A major investment will make Glasgow Scotland's first "velo city".
Plans are under way for a bike hire scheme to be operational within Scotland's largest city in time for the 2014 Commonwealth Games and growing to more than twice its size after the event concludes.
The scheme will make initially 150 cycles available at 15 docking stations located throughout the city by March, expanding to 400 bikes at 30 stations.
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It is expected to be piloted for three years, with the £1.35 million capital and revenue costs covered by Glasgow City Council and an operator sought through competitive tender to run it on behalf of the authority.
It is still unclear how much the scheme will cost users – this will depend on the choice of operator, but the council said it expected it to be about £1.50 for two hours.
It is expected users will register and pay for use of a bike either for a specified distance or period. Bikes will be located at docking stations around the city and registered users will be able to unlock them and return them to other stations.
The plans will be unveiled by council leader Gordon Matheson at Scottish Labour's conference in Inverness today.
High-profile examples of such public schemes already exist in London, Paris, Barcelona, Amsterdam and other European cities, among more than 300 cycle-hire operations around the world. The vast majority have been established since 2000.
Earlier this year, London Mayor and cycling aficionado Boris Johnson announced plans to treble spending on cycle infrastructure to almost £1 billion over the next decade as part of his promise to unleash a "cycling revolution" in the city. Belfast has plans for a bike-hire scheme with 300 bikes at 30 docking stations, while Liverpool recently announced a £1.5m project with 1000 bikes put on to city streets next summer.
A study shows such schemes require a lot of financial commitment and backing to succeed and can fail due to lack of visibility of the bikes. Theft and vandalism can also cause difficulties to the smooth operation of the schemes, although registration by users is expected to minimise this risk.
Cyclists may also need to be assured roads are sufficiently free of potholes and well-maintained before using the scheme.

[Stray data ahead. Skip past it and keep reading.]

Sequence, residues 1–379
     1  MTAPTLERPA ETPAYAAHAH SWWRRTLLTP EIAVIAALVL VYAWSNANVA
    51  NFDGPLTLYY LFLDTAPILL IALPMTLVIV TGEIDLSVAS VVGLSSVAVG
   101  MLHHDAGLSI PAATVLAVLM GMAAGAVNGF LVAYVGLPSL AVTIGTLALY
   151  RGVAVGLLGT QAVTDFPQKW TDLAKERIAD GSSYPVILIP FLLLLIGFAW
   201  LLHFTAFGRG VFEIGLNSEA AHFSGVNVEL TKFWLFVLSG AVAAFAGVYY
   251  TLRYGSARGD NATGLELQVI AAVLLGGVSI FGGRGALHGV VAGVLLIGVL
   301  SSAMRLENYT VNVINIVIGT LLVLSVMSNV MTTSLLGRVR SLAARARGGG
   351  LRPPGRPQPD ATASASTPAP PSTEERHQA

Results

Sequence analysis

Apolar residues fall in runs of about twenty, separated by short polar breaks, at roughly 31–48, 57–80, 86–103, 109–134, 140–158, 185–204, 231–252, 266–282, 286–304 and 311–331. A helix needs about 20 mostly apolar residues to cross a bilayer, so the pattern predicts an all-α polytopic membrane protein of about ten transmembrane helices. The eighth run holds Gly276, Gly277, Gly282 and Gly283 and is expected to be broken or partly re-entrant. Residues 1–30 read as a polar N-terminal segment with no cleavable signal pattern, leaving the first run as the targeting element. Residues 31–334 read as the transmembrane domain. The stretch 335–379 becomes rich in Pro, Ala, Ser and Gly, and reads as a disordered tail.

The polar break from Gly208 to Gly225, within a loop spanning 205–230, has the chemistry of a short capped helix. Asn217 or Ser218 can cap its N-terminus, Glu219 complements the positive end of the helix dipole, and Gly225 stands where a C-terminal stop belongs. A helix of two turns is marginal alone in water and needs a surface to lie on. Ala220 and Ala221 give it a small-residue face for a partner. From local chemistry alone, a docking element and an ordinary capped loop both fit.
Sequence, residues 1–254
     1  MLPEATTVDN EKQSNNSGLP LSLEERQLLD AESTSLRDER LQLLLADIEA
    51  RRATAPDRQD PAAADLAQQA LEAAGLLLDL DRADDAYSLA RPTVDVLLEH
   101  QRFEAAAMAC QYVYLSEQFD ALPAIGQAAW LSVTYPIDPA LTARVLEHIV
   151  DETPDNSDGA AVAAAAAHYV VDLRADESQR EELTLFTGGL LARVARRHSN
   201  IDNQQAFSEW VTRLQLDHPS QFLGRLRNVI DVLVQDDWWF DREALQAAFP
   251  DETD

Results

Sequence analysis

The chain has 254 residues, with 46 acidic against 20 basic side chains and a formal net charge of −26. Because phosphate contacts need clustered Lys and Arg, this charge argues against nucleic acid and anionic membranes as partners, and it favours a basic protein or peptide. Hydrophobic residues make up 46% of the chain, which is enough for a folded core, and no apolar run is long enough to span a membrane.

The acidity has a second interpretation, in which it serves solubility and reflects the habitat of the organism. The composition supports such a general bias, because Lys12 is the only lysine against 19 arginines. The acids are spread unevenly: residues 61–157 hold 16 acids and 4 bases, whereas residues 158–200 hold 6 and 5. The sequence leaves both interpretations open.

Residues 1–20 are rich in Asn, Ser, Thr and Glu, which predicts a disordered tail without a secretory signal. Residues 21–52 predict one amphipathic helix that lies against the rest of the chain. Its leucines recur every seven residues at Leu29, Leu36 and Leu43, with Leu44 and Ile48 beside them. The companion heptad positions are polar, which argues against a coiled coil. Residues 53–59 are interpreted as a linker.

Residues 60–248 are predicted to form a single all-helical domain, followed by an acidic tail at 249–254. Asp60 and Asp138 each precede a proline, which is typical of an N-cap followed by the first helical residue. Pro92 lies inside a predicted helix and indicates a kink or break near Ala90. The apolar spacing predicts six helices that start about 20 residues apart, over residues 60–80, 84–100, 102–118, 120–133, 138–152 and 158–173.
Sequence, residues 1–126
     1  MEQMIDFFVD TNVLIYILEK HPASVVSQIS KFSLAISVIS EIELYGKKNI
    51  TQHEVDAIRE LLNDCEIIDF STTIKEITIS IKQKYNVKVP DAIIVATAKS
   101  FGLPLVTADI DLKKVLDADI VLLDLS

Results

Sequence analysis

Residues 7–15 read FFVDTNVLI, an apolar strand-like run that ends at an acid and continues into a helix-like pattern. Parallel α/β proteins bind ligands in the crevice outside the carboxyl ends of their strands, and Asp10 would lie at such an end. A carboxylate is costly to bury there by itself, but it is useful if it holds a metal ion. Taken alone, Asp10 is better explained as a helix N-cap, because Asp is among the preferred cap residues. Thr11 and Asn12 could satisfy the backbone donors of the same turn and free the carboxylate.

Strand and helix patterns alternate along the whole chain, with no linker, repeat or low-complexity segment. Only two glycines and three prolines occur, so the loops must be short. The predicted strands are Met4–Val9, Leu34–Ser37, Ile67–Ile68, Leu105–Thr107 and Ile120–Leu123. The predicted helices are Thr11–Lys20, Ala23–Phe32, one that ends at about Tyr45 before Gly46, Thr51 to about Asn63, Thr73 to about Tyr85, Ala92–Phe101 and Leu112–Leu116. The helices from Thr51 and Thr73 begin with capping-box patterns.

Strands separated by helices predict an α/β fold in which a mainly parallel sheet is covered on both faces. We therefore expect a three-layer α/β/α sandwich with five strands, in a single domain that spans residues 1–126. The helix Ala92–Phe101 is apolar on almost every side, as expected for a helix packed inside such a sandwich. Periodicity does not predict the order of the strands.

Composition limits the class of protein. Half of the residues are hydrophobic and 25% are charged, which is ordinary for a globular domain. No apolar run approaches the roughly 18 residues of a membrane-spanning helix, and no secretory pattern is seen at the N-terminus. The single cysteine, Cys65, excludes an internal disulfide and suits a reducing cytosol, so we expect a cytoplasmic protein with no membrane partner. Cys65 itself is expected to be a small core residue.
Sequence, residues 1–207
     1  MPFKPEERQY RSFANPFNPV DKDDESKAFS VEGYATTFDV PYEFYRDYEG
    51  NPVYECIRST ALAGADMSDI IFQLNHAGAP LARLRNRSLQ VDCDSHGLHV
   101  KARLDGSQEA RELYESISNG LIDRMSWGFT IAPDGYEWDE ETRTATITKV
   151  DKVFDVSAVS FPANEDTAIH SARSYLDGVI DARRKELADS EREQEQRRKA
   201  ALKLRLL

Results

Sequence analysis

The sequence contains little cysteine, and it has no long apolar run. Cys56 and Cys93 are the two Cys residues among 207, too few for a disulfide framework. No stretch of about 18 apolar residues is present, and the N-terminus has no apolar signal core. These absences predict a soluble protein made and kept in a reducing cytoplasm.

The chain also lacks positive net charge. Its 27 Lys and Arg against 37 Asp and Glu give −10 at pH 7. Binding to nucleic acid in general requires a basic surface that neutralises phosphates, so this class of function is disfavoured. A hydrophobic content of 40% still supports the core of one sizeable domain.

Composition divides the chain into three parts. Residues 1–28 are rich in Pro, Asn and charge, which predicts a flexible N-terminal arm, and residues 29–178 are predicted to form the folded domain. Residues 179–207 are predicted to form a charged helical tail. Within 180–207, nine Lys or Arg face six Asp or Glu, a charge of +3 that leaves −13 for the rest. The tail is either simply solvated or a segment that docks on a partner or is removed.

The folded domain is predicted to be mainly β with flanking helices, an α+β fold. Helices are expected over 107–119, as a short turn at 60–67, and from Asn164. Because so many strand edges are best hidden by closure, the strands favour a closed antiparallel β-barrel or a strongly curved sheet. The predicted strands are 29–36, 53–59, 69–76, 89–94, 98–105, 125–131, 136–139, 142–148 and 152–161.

Mr Matheson said: "Cycling is cheap, keeps people fit and active, and is good for the environment. I am proud Glasgow is the first city in Scotland to launch such a scheme. Labour is committed to promoting cycling and I want Glasgow to be a city that is friendly to cyclists. This investment will provide an attractive option for people looking to travel quickly around the city. Creating a healthier, more active Glasgow is one of the key legacies of the Commonwealth Games. Bike-hire schemes are popular across Europe."
The move comes three years after an initial study found a viable Mass Automated Cycle Hire (Mach) scheme in Glasgow to be undeliverable within the £200,000 funding available.
As part of the council's feasibility study, a review of 24 of the schemes worldwide was conducted, including detailed interviews with the city sponsors or operators of 10 schemes.
The concluding study recommended a scheme with low technology and infrastructure needs with flexible docking stations using standard bike racks and user-friendly, "tried and trusted technology, such as mobile phones" to hire the vehicles.
The Mach scheme would also build on the £13m of improvements to walking and cycling routes the council has delivered over the past few years.
Brian Devlin, the council's head of land services, said: "It would be the intention to implement the Mach scheme in spring 2014, prior to the start of the Commonwealth Games.
"It is recommended the council agrees to underwrite this project at this time to provide a level of certainty to private sector tenderers that the council is serious about this project."